Quantum computers are like kaleidoscopes − why unusual metaphors help illustrate science and technology

Quantum computers are like kaleidoscopes − why unusual metaphors ...

Quantum computing is like Forrest Gump’s box of chocolates: You never know what you’re gonna get. Quantum phenomena – the behavior of matter and energy at the atomic and subatomic levels – are not definite, one thing or another. They are opaque clouds of possibility or, more precisely, probabilities. When someone observes a quantum system, it loses its quantum-ness and “collapses” into a definite state.

Quantum phenomena are mysterious and often counterintuitive. This makes quantum computing difficult to understand. People naturally reach for the familiar to attempt to explain the unfamiliar, and for quantum computing this usually means using traditional binary computing as a metaphor. But explaining quantum computing this way leads to major conceptual confusion, because at a base level the two are entirely different animals.

This problem highlights the often mistaken belief that common metaphors are more useful than exotic ones when explaining new technologies. Sometimes the opposite approach is more useful. The freshness of the metaphor should match the novelty of the discovery.

The uniqueness of quantum computers calls for an unusual metaphor. As a communications researcher who studies technology, I believe that quantum computers can be better understood as kaleidoscopes.

Digital certainty vs. quantum probabilities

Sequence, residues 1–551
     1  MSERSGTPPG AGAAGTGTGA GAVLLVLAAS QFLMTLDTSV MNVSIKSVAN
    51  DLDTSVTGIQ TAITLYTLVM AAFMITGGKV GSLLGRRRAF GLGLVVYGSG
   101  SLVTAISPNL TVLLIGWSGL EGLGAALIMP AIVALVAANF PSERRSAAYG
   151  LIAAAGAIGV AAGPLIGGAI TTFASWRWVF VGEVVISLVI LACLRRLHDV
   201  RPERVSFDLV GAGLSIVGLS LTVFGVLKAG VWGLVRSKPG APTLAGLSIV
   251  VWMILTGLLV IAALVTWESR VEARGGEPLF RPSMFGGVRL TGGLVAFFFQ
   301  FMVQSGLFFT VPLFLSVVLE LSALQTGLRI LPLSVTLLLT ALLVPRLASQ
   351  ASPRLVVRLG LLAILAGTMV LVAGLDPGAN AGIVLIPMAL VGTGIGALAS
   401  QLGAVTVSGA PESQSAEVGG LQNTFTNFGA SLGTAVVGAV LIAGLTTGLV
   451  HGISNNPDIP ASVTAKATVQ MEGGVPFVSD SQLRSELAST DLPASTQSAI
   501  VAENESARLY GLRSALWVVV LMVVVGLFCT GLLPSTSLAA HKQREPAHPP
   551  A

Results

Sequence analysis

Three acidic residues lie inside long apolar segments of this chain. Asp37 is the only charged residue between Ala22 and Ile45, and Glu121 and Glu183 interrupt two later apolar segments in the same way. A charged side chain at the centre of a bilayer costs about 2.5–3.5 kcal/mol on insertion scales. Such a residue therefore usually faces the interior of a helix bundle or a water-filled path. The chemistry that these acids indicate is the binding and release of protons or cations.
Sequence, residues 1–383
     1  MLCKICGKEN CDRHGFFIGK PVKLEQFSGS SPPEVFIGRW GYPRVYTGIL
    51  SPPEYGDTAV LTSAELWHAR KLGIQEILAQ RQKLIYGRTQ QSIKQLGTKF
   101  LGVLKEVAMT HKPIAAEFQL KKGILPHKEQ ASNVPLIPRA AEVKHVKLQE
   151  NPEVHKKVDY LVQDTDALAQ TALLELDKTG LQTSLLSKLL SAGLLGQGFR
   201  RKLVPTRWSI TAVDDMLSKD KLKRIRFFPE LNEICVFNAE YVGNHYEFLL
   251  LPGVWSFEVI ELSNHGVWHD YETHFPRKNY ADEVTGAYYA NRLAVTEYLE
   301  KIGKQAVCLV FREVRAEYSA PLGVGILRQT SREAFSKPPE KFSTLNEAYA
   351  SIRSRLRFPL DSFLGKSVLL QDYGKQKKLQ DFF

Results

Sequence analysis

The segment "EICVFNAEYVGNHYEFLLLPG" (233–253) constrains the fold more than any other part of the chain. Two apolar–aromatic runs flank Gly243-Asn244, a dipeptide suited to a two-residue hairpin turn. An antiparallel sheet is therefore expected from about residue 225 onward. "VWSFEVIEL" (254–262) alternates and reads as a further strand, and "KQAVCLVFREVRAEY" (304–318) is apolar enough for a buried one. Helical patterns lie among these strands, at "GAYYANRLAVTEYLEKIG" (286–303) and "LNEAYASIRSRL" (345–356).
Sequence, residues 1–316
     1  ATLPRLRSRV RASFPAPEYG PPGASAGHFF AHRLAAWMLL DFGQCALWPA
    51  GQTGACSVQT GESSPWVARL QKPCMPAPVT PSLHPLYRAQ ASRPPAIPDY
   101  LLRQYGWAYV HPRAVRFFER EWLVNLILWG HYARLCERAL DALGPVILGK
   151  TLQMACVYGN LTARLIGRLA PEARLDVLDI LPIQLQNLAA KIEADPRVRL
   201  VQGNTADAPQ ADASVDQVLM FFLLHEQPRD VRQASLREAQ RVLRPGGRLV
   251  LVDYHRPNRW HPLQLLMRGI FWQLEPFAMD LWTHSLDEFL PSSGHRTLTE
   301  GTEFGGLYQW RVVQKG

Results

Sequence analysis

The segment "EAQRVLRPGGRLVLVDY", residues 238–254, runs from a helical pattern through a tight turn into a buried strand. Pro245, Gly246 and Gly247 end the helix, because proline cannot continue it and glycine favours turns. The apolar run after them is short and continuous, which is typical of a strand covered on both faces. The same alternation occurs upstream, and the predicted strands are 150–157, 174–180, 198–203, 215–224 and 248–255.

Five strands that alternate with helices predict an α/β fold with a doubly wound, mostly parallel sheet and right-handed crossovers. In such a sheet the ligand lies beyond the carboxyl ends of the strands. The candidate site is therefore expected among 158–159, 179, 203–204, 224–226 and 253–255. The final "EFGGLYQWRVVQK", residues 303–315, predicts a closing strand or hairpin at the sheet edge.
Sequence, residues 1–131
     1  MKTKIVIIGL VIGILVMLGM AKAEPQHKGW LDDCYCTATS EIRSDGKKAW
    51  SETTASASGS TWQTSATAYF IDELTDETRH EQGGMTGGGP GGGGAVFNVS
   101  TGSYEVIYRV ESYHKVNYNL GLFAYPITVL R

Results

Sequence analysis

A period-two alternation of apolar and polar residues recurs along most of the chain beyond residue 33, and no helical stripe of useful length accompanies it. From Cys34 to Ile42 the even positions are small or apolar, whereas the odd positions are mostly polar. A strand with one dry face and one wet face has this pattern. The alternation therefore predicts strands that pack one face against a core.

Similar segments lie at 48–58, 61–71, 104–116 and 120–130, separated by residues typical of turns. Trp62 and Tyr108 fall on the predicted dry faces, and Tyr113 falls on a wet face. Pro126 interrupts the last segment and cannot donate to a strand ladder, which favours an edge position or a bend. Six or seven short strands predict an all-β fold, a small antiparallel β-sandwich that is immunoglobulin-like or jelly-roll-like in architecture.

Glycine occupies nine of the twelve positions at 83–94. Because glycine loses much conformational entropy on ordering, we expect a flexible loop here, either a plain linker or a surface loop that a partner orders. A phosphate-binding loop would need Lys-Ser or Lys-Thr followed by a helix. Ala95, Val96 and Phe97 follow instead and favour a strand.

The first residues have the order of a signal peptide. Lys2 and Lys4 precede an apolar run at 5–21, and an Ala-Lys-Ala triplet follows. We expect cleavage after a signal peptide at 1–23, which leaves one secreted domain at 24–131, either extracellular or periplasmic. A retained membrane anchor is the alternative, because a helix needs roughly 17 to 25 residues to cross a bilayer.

The gap between understanding classical and quantum computers is a wide chasm. Classical computers store and process information via transistors, which are electronic devices that take binary, deterministic states: one or zero, yes or no. Quantum computers, in contrast, handle information probabilistically at the atomic and subatomic levels.

Classical computers use the flow of electricity to sequentially open and close gates to record or manipulate information. Information flows through circuits, triggering actions through a series of switches that record information as ones and zeros. Using binary math, bits are the foundation of all things digital, from the apps on your phone to the account records at your bank and the Wi-Fi signals bouncing around your home.

In contrast, quantum computers use changes in the quantum states of atoms, ions, electrons or photons. Quantum computers link, or entangle, multiple quantum particles so that changes to one affect all the others. They then introduce interference patterns, like multiple stones tossed into a pond at the same time. Some waves combine to create higher peaks, while some waves and troughs combine to cancel each other out. Carefully calibrated interference patterns guide the quantum computer toward the solution of a problem.

Physicist Katie Mack explains quantum probability.

Achieving a quantum leap, conceptually

The term “bit” is a metaphor. The word suggests that during calculations, a computer can break up large values into tiny ones – bits of information – which…

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